Part 2: But Can You Argue with Fiction ….

… and maintain your status as ‘heroine-exposer-of-fossil-fuel-industry-disinformation’ if people interrupt your presentations to say, “wait a minute, what you said there isn’t supported by the actual reality of the situation”?

I’m referring to “Merchants of Doubt” documentary movie star/book author Naomi Oreskes, of course. She’s been described as a “conspiracy queen” (memorably enough to prompt that label to be entered into the US House Congressional Record a few years later). Does the title “Disinformation Queen” apply as well? You be the judge. As I noted in Part 1, I’ve referred to Oreskes’ 2008 “You Can Argue with the Facts” Powerpoint presentation slides numerous times here at GelbspanFiles, including video links to specific parts of that presentation. What follows now is a more or less line-by-significant-line dissection of that video, where specific details appear to contradict or hugely undercut what she asserts.

1. Starting barely 6 seconds into her presentation, she claims her work “evolved out of work I was doing in the history of Oceanography, trying to understand how scientists first came to realize that global warming might be a problem, and in doing this work and starting to communicate about it, I also started becoming a victim of attacks, hate mail, weird phone calls …..”

Completely and totally absent there is any mention that the alleged ‘hate’ was supposedly the result of her notorious 2004 Science piece about the 100% consensus for man-caused global warming, whether in connection to her narratives of Erik Conway telling her who the attackers of her were, or Ben Santer who told her that. This could arguably could be described as ‘disinformation by omission.’ However, hold that thought until the 3:01 point.

2. 32 second point: “… I started investigating the who denial phenomenon and this has turned into a book project of which I’m going to present a small piece of it today …”

First, there is no “denial phenomenon.” Lord Christopher Monckton pointed that out in quite comical fashion at a conference of several hundred so-called ‘denialists.’ Second, what book project?? Her own personal book project that also deals with other related topics? Why would it be a small piece of any book project? She never elaborates on what the project is during the remainder of the presentation. Funny thing is, not a single bit of this presentation ended up in the book she is her most famous for, “Merchants of Doubt,” but is instead solely in a book chapter contribution to a book of essentially literally unrelated topics that likely few people have heard of outside of my mentions of it here at GelbspanFiles.

3. 52 second point / 1:10 point: “… the American people now do accept the scientific fact or the fact of global warming … however, many Americans think that scientists are not convinced …”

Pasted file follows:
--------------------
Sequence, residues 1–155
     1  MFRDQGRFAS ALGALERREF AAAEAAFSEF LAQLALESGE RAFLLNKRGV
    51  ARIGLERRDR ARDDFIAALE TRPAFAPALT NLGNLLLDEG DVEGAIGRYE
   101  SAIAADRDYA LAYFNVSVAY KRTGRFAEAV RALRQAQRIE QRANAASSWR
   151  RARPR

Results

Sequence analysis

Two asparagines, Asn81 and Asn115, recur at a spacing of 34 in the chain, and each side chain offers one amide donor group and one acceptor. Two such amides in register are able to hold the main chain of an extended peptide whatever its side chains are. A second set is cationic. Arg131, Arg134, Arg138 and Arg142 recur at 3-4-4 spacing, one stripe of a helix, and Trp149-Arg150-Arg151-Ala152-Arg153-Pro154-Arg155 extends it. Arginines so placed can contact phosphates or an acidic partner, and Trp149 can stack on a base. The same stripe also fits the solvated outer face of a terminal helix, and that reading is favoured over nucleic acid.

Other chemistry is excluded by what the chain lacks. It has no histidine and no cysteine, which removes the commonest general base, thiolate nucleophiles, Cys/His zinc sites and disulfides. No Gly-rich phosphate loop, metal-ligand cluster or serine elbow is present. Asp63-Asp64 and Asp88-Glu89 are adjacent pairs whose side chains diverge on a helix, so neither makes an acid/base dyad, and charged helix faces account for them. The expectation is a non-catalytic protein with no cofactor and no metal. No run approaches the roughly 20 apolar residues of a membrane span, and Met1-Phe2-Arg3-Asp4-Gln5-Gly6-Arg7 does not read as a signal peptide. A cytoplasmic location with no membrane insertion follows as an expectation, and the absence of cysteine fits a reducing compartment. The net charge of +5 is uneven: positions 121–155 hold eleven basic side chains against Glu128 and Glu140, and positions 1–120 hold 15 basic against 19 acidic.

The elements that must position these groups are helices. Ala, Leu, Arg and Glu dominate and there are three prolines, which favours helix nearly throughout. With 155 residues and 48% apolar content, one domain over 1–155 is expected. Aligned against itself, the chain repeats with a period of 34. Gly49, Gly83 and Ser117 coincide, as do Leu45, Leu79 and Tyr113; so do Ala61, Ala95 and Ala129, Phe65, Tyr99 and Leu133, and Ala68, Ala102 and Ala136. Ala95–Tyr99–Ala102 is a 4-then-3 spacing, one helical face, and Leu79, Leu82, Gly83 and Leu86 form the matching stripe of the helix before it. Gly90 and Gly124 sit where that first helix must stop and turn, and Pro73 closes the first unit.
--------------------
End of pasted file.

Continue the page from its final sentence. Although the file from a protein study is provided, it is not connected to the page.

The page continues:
The planet has warmed overall ever since the ice age, while slowing considerably during the Little Ice Age (1300-ish to the mid 1800s), and it would be an anti-intellectual notion to think that scientists are oblivious to that fact. Meanwhile, she doesn’t specify what kind of “warming.” As the late hurricane forecaster / anthropogenic global warming (AGW) skeptic William Gray pointed out in the New York Times, “I don’t think we’re arguing about whether there’s any global warming. The question is, ‘what is the cause of it?’

4. 3:01 / 3:35: “… I wrote a paper that was published in Science a few years ago that summarized the scientific consensus on the reality of global warming and showed through an analysis of the scientific literature that actually this consensus about the the reality of an anthropogenic component of global warming was actually already established by the early to mid-1990s … None. None of the papers in our sample provided arguments to challenge or refute that [IPCC] conclusion

A 100% scientific consensus. However, it’s been pointed out that consensus opinion – a show of hands – does not validate a science conclusion, period. But notice here that she does not mention at all that her paper is what drew “attacks, hate mail, weird phone calls” to her.

5. 5:22 / 5:34 / 6:01: “… nearly half of American people still think today that scientists are still arguing about this … one reason clearly has to do with press coverage of the issue. A study by Max & Jules Boykoff, which coincidentally came out at the same time as my study, and if you’ve seen “An Inconvenient Truth,” Vice President Gore juxtaposes my study with theirs and says, ‘well, look, here’s the problem, scientists agree but the press presents it as if they don’t’ … fully 50% of the articles that dealt with the question of global warming presented it as a debate in which there were essentially two equal and opposite sides.

First, I detailed the origins of the unsupportable talking point about ‘skeptic scientists undeserved fair treatment’ in my June 26, 2014 blog post. When you read the actual media reports overall, those skeptics have never actually received anything remotely resembling unbiased equal treatment. In one television example from 1996 to the present day, they’ve been excluded entirely from AGW discussions. Second, the Boykoff brothers she cites are in an untenable circular citation situation when it comes to them citing Ross Gelbspan for this unsupportable talking point, since he cites them for it. Third, the Boykoffs paper was published fully 5 months before Oreskes’ December Science paper, minimally qualifying it as coming “out at the same time.”